Saturday, July 3, 2010


I had a rough night on Halloween, 1997.  I was a sophomore in college at Colgate University, and Halloween happened to fall on a Friday that year.  Instead of reliving the (very) gory details of the evening, I'll just say that I imbibed.

The next day was a painful one because of the massive and enduring hangover I suffered.  The pain didn't last all that long, though, because at some point in the afternoon, my friend Lindsay convinced me to go out and get a cat.  Why she thought a cat would be a suitable cure for a hangover still escapes me, but sound reasoning in general often escapes Lindsay.  And me, for that matter.

Upstate, NY in November is a dreary, cold place filled with heartbreak and despair.  We drove all over creation that evening looking for a cat hospital that would let me adopt a cat.  "You live in a dorm," they said!  "You're obviously an idiot, and you can't have a cat in a dorm," they kept saying!  Of course, they were right, but I was 19, hung over, and determined.  While I wanted to adopt a cat, I also didn't want to return home without one.  We ended up at a pet store in the Sangertown Square mall in New Hartford, NY, where I found Trip.

I'd never owned a cat before, having always wanted one as a kid but never having those desires indulged by my parents.  Dog?  Check - we had a Lhasa Apso named Wicket who hated water and cars, barely knew his name and liked to crap on the carpet.  Throughout my childhood I also had a turtle (Oscar Moron), two white rats (Herbert and Houdini), a sparrow (Little Man), and two parakeets (James and Rita).  But never a cat - for that I'd need a hangover and some poorly-considered advice from a friend, apparently.

Trip's name was almost Dexter, actually.  Third place was Mr. Biggelsworth, as we were all just thrilled with Austin Powers at the time.  Thank Jebus that one didn't make it.  It made sense to me at the time because it could have been shortened to Biggs, which appealed to me as a Star Wars reference, but in the end I thought better of naming Trip after a movie cat, which I think speaks to my character.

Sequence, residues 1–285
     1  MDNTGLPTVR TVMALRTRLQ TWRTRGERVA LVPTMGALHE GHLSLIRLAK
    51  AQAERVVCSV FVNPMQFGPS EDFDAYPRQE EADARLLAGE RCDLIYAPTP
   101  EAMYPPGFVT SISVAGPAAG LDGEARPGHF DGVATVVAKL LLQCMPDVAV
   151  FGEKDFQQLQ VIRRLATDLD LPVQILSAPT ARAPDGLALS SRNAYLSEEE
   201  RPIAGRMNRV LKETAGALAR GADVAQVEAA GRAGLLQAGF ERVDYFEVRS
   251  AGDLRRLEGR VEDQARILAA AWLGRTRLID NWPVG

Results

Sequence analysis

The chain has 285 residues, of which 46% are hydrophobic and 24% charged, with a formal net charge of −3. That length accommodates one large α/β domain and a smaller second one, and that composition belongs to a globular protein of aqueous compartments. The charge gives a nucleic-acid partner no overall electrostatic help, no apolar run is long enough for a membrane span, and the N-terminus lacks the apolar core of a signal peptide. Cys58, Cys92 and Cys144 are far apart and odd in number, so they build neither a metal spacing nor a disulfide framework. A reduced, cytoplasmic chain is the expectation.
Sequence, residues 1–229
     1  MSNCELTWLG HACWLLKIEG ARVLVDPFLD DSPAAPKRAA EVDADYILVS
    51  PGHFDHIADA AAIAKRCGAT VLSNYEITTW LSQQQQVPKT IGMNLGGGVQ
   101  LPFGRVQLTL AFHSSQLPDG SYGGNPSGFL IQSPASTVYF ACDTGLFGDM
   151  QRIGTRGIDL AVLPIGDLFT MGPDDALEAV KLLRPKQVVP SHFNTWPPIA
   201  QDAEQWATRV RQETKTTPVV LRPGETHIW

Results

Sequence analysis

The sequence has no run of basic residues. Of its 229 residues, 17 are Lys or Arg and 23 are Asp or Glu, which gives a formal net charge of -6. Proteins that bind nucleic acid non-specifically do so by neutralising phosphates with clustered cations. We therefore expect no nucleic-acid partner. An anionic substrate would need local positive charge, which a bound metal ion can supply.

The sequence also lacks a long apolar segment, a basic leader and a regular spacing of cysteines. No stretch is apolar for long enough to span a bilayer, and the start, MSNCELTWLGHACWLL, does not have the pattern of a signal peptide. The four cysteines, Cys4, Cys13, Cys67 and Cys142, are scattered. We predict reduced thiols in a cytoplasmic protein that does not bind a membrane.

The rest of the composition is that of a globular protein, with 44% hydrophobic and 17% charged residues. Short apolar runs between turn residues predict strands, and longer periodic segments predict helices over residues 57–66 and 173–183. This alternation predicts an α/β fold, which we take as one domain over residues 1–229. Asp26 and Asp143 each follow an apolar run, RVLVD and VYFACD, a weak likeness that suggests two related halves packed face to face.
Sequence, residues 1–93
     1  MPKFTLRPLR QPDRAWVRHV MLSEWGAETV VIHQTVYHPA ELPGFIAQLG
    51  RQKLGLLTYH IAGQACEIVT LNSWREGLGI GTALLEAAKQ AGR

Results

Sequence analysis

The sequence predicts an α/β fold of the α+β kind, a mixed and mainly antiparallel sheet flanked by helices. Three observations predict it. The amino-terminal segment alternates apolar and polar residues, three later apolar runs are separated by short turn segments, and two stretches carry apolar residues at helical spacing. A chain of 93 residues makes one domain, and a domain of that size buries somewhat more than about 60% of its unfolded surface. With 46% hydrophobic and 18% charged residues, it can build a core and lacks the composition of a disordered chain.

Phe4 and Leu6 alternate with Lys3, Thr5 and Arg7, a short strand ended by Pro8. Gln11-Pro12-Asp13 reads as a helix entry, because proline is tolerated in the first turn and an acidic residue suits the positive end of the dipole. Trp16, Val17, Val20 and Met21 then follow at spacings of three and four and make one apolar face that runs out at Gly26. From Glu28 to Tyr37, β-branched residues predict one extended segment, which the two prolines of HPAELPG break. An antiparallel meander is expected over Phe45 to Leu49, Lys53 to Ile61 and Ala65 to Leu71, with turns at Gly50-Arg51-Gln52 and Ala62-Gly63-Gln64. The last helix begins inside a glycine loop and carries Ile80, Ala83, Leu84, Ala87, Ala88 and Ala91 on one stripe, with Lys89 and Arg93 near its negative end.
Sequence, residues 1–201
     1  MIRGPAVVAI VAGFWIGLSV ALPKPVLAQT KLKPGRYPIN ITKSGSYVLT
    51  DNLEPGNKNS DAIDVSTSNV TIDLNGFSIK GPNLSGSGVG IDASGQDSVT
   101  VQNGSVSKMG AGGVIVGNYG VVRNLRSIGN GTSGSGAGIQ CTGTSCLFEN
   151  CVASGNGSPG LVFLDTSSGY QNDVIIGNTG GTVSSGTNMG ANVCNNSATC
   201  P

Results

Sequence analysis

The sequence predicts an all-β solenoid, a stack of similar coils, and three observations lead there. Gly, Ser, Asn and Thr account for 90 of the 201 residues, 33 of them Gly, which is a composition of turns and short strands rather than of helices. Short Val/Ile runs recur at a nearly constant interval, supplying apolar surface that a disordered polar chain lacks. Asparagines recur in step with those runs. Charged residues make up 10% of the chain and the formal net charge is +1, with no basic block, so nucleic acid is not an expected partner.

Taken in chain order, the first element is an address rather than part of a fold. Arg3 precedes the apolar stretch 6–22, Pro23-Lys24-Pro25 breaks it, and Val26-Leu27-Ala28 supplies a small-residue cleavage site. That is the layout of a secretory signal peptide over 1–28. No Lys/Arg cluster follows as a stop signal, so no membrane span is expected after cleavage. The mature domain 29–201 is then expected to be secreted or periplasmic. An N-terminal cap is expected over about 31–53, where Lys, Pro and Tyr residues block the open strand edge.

Trip's first night was spent mostly just running up and down my bed, chasing either my feet or my hands under the covers.  When he finally did fall asleep, it was perched on the pillow right above my head.  While this might have been convenient for him, it meant that when he was startled awake (which happened a number of times), head immediately extend all of his claws and grab hold for dear life.  My head wasn't pleased, as Trip had very sharp little kitten claws.

Sleeping on me would be something that lasted with Trip for most of his life.  When he was little, and broken of the habit of head-clawing, he used to sleep on my chest or neck for as long as he could, usually being tossed aside once I rolled over.  I still remember the afternoon at my parents' house during the summer when he was suddenly too big to do this.  He tried to fall asleep on my neck and was just too big - I had to tell him it wasn't going to happen anymore, buddy.  Still, for the next 13 years Trip was always pretty happy sleeping on me, somehow.

Trip was a biter.  Some cats will bit playfully, while others will just lick you.  Trip would grab hold of your hand and bite like you slapped his sister.  In college, this meant Trip was always called, "weird."  Later in life, it manifested as "holy shit that's a cantankerous cat."  He was a pretty big cat (for a while I told people he was part lynx), and extremely strong, so if he got you, it hurt like a bitch.  The thing is, Trip was just not a fan of most people who weren't me.  He also did play rough - he was an upstate barn cat, and that's just the way they roll.  He'd get me from time to time, but he was always just playing.  With others, though?  Yeah, that could hurt.  Trip just didn't give a hoot about anyone except me, and I was always pretty fine with that.

Trip was also a yeller.  He didn't start out that way, though.  When he was little, he could barely make a sound at all.  He'd open his mouth and nothing would come out.  As he got a little older, he started to meow a bit, but it was the most pathetic thing you'd ever heard.  We'd try to get him to meow just to hear it - it was the sound of a cartoon mouse dying of heartbreak.  To that end, I'd always encourage him to meow.  When I'd come home every day, he'd try to say hello and I'd meow right back.  This positive reinforcement turned out to be an interesting choice, because after a few years, Trip found his voice.  And he used it.  For anything.  When he got older, I had to put him on a strict diet, which meant only getting fed twice a day instead of a 24-hour food bowl available at all times.  Dear lord, the cacophony.  I think after a while he probably thought his name was, "Shut up, Trip."